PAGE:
Maiden, Mother, Crone

December 27, 2007

November 25, 2006

Maiden, mother, crone: Santa Cruz singer and spiritualist Shekinah Mountainwater leans on friends and family to see her through a dark night of the soul.

by Wallace Baine, Sentinel staff writer

Shekhinah Mountainwater speaks in myths. So, when she’s talking about her year-long battle with uterine cancer, it feels entirely natural to her to summon up an ancient Sumerian myth about a goddess named Inanna who finds herself navigating the Underworld.

"As she’s
traveling, she comes across these gates in which she must pass
through," said the 67-year-old folksinger and spiritualist, "At one
gate, she is asked to give up her jewelry, the next gate her robe and
the next gate her crown, till she’s finally naked."

 For a woman who, for almost 40 years, has been seeking her truth in matriarchal myths as old as human civilization, this is a way to come to grips with an illness that has transformed her life. Long a believer in the power of Eastern modes of healing, she has had to accept Western medical technologies that she has longed feared: surgery, chemotherapy and, perhaps in the near future, radiation.

Convinced by a friend that embracing both East and West is the way to
survival, Mountainwater turned to traditional Western medicine. "I’ve always been this alternative type person — do the herbs, do the magic, get in a circle and ask everybody to visualize me better — and I didn’t want to get surgery or chemo. I was horrified, I was going to have to get my body cut open. But I had to surrender at each gate."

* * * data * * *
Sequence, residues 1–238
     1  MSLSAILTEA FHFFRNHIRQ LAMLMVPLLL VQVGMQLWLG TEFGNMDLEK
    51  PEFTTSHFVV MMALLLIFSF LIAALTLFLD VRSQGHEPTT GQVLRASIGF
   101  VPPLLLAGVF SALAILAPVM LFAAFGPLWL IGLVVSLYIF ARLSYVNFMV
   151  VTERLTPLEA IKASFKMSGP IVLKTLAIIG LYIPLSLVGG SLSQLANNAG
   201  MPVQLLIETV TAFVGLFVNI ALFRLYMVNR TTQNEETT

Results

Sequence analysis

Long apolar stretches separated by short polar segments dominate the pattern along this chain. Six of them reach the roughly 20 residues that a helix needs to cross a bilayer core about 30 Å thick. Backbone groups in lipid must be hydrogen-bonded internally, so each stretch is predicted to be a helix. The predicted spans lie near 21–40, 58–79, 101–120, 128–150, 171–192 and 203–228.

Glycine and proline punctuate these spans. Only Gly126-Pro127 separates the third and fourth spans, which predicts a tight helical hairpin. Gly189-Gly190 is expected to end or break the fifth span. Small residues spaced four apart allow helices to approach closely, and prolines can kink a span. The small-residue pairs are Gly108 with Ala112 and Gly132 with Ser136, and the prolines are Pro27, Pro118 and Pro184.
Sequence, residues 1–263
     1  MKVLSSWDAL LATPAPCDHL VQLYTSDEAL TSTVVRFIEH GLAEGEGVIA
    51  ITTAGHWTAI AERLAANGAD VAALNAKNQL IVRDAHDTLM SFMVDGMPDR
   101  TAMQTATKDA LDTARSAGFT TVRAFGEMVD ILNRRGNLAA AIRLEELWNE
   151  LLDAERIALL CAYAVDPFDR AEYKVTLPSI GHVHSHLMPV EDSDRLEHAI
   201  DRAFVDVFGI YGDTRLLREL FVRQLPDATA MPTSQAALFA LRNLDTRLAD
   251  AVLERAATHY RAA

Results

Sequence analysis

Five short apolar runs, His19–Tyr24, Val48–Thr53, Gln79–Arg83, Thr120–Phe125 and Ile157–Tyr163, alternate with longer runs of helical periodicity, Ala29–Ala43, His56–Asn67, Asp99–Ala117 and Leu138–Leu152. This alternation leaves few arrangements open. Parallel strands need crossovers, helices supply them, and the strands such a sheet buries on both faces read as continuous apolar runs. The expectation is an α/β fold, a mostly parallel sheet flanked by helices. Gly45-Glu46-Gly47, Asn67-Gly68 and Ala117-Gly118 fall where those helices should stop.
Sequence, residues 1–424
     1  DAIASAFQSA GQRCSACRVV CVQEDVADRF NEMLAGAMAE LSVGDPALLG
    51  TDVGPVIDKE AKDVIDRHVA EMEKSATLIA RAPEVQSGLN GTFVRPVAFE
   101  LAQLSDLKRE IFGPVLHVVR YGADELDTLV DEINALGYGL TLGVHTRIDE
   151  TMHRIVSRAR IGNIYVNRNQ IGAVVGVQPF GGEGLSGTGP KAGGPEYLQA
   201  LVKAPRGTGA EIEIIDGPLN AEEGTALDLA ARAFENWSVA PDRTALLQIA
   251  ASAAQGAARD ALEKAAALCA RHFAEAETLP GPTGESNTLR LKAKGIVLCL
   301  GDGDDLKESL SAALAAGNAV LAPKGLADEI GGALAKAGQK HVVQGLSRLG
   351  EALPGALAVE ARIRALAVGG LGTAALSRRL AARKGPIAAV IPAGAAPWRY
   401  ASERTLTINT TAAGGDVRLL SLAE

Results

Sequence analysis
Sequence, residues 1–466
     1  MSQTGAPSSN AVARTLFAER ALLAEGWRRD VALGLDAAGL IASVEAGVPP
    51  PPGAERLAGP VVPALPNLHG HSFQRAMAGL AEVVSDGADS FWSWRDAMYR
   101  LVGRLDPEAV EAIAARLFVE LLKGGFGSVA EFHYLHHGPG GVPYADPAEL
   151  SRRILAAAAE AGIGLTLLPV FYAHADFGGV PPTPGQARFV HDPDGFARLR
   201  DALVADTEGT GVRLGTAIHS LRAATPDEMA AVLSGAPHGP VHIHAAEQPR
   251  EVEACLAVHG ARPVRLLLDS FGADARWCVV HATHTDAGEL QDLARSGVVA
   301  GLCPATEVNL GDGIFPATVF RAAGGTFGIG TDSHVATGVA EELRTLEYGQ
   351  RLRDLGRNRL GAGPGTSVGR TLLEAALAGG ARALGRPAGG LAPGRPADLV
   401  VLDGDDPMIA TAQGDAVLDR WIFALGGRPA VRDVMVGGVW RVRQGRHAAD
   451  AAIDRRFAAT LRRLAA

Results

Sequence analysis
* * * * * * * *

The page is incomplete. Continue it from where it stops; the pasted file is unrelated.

On Dec. 1 and 2, a community of performers and artists are coming together in a show called "Viva Shekhinah," a variety show aimed celebrating the guest of honor. Among the performers will be Miranda Janeschild and her dance company Mir & A Company, singer/songwriter Molly Hartwell, fellow healer and singer Copperwoman, and acclaimed dancer and choreographer Frey Faust, who happens to be Shekhinah Mountainwater’s son.

Mountainwater is a key figure in the history of Santa Cruz’s alternative spiritual culture. She’s a musician and songwriter who emerged early on as a leading proponent of Goddess worship, a parallel discipline of paganism centered on an archetypal feminine world view. She’s the author of "Ariadne’s Thread: A Workbook of Goddess Magic," and she’s led classes and workshops and conducted rituals and tarot-card readings.

Though she’s had many adherents to her teachings, she’s also run into occasional conflict at the hands of everyone from Christians to other pagans.

"There’s always been this impression that I’m anti-male," she said one afternoon in the living room of her Seabright-area home. "I mean, c’mon. How could I be?" With that, she gestures to her son sitting across the table. The 46-year-old Faust has been living abroad for 20 years, but he’s moved back to Santa Cruz to be with his mother during her convalescence. Faust’s impressive resume includes studies from a wide variety of teachers from Marcel Marceau to Merce Cunningham, and has developed his own technique of movement known as the Axis Syllabus.